Qatar denies Saudi-led blockade will 'risk' 2022 World Cup

Qatar denies Saudi-led blockade will 'risk' 2022 World Cup
Qatar has dismissed a report which alleged an 'increasing political risk' that the 2022 World Cup in Doha will not go ahead due to a siege by neighbouring countries.
3 min read
08 Oct, 2017
Qatar is building nine state of the art stadiums for the 2022 world cup. [Getty]

Qatar has dismissed claims that a Saudi-led blockade could see it unable to complete essential infrastructure projects in time for the 2022 World Cup.

It follows a controversial report which alleged that "increasing political risk" means Doha might not be able to host the World Cup in five years time.

This is due to a blockade on Qatar by neighbouring countries such Saudi Arabia's land border and air links with the kingdom, UAE and Bahrain, the report claimed.

Qatar insists that since the blockade it has been able to find other suppliers for the materials needed to construct the eight stadiums that will hold the World Cup.

The man in charge of the World Cup project has said there is "no risk" of the event being cancelled and that construction is continuing at only "minimal" cost increases.

"We have come under criticism and attack over the years, but we have always faced our critics,"  Hassan al-Thawadi, secretary general of the Qatar World Cup supreme committee, told  Al Jazeera.

"Our projects are going ahead as scheduled. This (blockade) is no risk in relation to the hosting of the World Cup."

The study, which was carried out by management consultants Cornerstone Global, was seen by the BBC and warns construction companies working on the country's $200 billion infrastructure programme that it is a "high-risk project".

The report - entitled "Qatar in Focus: Is the Fifa World Cup 2022 in danger?" - claims that "tournament insiders and regional experts" say that it is uncertain whether Doha will go on to host the competition.

The study does not name any sources or provide concrete evidence to back its claims.

It also alleges corruption in the bidding process, while the current blockade of the country by Saudi Arabia, Bahrain, the UAE and Egypt could create "political risk factors" impacting on infrastructure contracts.

These concerns have been dismissed by Doha who said the projects are going ahead as planned.

In June, FIFA published a 430-page report vindicating Qatar from allegations of wrongdoing over its World Cup bid, while analysts say Qatar's economy is strong enough to weather the sanctions imposed by a Saudi-led Arab bloc.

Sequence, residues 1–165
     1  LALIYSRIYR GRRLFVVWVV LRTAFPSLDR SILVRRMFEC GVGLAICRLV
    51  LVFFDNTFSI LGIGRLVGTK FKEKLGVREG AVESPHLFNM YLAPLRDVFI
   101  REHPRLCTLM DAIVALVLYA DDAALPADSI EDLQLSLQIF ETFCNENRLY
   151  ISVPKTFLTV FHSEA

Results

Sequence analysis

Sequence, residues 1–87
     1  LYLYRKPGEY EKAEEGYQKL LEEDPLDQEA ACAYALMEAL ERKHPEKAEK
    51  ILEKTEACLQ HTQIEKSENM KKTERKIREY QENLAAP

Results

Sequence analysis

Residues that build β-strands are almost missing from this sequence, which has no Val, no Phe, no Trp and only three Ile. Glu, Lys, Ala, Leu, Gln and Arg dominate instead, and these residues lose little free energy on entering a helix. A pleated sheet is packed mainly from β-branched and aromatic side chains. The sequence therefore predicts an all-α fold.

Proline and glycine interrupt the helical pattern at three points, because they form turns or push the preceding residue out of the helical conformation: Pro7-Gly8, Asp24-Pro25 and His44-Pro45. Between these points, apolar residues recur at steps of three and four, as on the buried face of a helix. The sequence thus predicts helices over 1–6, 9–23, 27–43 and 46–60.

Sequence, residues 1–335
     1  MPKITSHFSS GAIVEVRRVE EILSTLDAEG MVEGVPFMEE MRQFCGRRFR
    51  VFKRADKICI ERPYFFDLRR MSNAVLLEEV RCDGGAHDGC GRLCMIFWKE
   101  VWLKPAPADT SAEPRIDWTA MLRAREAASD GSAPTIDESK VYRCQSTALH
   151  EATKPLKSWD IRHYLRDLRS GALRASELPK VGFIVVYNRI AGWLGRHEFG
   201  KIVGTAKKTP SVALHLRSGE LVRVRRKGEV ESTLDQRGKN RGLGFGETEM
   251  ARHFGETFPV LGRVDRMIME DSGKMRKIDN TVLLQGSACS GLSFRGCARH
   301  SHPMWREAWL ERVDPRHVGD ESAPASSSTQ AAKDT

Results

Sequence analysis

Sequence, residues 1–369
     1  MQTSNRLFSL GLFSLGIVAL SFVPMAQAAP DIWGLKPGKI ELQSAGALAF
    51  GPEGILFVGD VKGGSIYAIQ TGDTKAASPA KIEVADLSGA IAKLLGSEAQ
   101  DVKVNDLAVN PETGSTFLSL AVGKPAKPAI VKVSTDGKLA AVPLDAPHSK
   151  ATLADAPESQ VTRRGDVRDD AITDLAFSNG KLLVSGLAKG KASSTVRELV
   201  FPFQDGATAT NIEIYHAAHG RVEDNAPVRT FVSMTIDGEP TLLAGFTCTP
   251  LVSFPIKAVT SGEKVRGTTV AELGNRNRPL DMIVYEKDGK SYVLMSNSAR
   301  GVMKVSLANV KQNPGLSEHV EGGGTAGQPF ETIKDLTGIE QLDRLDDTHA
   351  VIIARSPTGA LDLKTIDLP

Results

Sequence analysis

Designed to 'create doubt'

Qatar 2022's Supreme Committee for Delivery & Legacy rebuked the report in a statement to the BBC, saying it was designed to "create doubt regarding the tournament".

"In the context of the current political situation we question the motives of an organisation - which makes no secret of its affiliation to the countries blockading Qatar - of publishing a report based entirely on media reports and anonymous sources."

Cornerstone founder Ghanem Nuseibeh last week tweeted that Qatar was "a major facilitator of terrorism financing", echoing accusations made by the Saudi-led blockading nations.

The claims have been vehemently denied by Doha, while the Saudi-led bloc has failed to provide evidence to back their claims.

The 2022 Qatar World Cup has been a political football for the coalition countries. In July, these countries reportedly urged football's governing body FIFA to strip the Gulf nation of hosting rights for the 2022 World Cup.

A month earlier, a Saudi think-tank said Qatar should be stripped of its right to the 2022 FIFA World Cup for "ethics violations" and "support for terrorism".

"Despite the ambitious title of this report, there is absolutely no risk to the future of the first World Cup in the Middle East," Qatar 2022's committee added, according to the BBC.

Organisers insisted that there had been "no impact on preparations as a result of the ongoing and illegal blockade against Qatar".

Doha recently unveiled new plans for the 40,000-seater al-Thumama Stadium, drawing inspiration from the traditional "gahfiya" cap commonly worn under the male headscarves in the Gulf.

Qatar is building a new port and metro system in addition to the new stadiums, part of a $200 billion infrastructure upgrade in the country.